A woman murdered 29 years ago has been identified, leading “Happy Face Killer” Keith Jesperson to finally be prosecuted for her murder.
The Okaloosa County Sheriff’s Office reports that 34-year-old Suzanne Kjellenberg, once known as Jane Doe, was finally identified this year using genetic genealogy.
The serial killer, who is serving four consecutive life sentences without the possibility of parole, received an unexpected visit from investigators.
During the visit, Jesperson made a full confession that included previously unknown details.
Sheriff Eric Aden announced on Tuesday that Jesperson would be charged with Suzanne Kjellenberg’s murder.
On September 14, 1994, inmates working on a tree row close to Interstate 10 in northwest Florida discovered Kjellenberg’s skeletal bones.
The Happy Face Killer created cheerful expressions in letters in which he bragged about his murderous exploits. It was almost three decades before Kjellenberg’s identity was discovered, although he confessed to the crimes in 1995.
The sheriff’s office reported that a woman he thought was called Susan, Susanne, or Suzette was among the eight people he admitted to killing.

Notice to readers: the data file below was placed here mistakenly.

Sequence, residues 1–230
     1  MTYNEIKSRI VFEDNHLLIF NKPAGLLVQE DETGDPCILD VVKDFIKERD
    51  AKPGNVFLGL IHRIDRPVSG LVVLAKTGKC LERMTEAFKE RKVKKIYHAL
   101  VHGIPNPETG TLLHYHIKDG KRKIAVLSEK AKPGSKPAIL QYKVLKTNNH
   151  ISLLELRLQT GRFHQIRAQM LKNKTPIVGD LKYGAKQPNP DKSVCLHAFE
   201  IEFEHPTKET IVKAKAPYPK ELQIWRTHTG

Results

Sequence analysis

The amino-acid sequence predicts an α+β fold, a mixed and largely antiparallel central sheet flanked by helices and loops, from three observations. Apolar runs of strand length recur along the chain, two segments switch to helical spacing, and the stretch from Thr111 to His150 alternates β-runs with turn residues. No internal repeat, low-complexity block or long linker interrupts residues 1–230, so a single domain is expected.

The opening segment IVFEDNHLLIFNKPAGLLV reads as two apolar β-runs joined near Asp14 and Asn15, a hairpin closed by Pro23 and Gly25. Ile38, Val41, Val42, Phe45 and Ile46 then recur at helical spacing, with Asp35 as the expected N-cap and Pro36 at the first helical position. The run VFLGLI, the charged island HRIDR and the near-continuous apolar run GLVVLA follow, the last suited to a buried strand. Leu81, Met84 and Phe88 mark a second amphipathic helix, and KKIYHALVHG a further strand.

Last month, during an interrogation at the jail, the long-haul truck driver told detectives that he had picked up the woman in August 1994 at a truck stop near Tampa. After that, they went to a rest stop in the northwest corner of Florida.
Kjellenberg was sleeping on a mattress when Jesperson parked near a security guard. Jesperson said “the woman” wouldn’t stop shouting when he sat beside her.
Jesperson told police that he was not allowed to have passengers who were not authorized in his truck. Florida authorities say he told them he pressed his fist against the woman’s neck to stop her from breathing because he didn’t want to draw the security guard’s attention.
He bound the woman’s mouth shut and then suffocated her using zip ties. He dumped her remains somewhere along Interstate 10 afterward.
The body belonged to a white female between 35 and 55. An attempt was made to rebuild the victim’s face using clay, but the results were inconclusive.
A new facial reconstruction in 2007 and additional anthropological examination of the remains at the University of West Florida the following year were part of a 20-year effort by the Okaloosa County Sheriff’s Office, the Florida Department of Law Enforcement, and the District One Medical Examiner’s Office to identify the victim.
In 2018, the University of Florida attempted to analyze isotopes in samples taken from the body.
Kjellenberg was positively identified thanks to DNA testing performed by specialists at the Othram lab in Texas in March.
The 68-year-old Jesperson admitted to the deaths of eight women in California, Washington, Oregon, Florida, Nebraska, and Wyoming between 1990 and 1995.